With just three weeks left to agree on a COVID relief bill, otherwise risk a government shutdown, the U.S. Senate will vote on its version tomorrow. If it is passed through Congress, business owners can expect extra support.
“I think the best thing for the economy and these small businesses and for schools is for people to be able to safely get on with their lives,” said U.S. Sen. R-Texas John Cornyn.
While the House of Representatives has already approved a relief bill, the Senate is hoping to pass its own, which Sen. Cornyn said will serve as an ice breaker for reaching a bipartisan agreement.
One proposal aimed at getting more businesses to reopen is to protect them from “frivolous” lawsuits.
“What this would do is provide a safe harbor for those who do (reopen) against lawsuits,” he said. “It would not be a blanket ban on liability. it would not protect intentional or reckless misconduct.”
New York Deli co-owner John L. Rendon said this provision would be helpful for them and other small businesses.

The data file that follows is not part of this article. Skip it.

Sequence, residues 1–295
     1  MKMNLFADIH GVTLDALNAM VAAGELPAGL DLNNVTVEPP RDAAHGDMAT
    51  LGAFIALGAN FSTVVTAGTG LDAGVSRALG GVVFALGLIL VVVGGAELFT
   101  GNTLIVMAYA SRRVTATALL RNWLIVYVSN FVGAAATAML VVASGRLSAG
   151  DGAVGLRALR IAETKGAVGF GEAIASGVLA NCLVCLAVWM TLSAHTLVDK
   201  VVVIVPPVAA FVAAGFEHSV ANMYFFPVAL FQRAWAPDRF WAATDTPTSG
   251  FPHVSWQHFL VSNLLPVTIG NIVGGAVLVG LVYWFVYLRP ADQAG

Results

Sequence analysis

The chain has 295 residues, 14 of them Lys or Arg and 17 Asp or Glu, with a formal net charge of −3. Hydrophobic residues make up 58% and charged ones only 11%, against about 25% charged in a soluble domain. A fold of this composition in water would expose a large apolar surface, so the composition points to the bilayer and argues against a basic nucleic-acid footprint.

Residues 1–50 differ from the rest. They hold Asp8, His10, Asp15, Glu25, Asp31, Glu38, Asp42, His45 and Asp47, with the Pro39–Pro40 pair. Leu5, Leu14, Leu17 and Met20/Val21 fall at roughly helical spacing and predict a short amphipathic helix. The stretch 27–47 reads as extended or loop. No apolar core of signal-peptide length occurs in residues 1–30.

At the start of the lockdown, they moved to curbside orders but reopened their dining rooms during phase III of Texas’ reopening in order to stay afloat.
“We noticed a lot of people wanted to come and eat and we were starting to slow down,” he said.
The restaurant was able to get a loan, which he said helped. But he believes the best way for the business and its employees to thrive is by staying open.
“I think they’ve tried to help, like with the loans,” he said. “It was very easy to get, but i think they just need to reopen places. Stimulus checks help for a little bit.”
Since hitting a spike in mid July, COVID cases in Texas have steadily decreased. If this trend continues, Sen. Cornyn hopes all businesses can return to normal operation.
“Slowly but surely we’re demonstrating that given the proper practices, handwashing, social distancing, masking, stay at home when you’re sick, that people can their lives albeit with social distancing,” he said.
While this proposed bill would continue offering unemployment benefits, the $300 weekly is half of what the House aims to provide. One similarity between the two is another round of direct payment to families earning under $75,000.
Other focuses of the bill include providing more funding to healthcare workers, schools and COVID testing.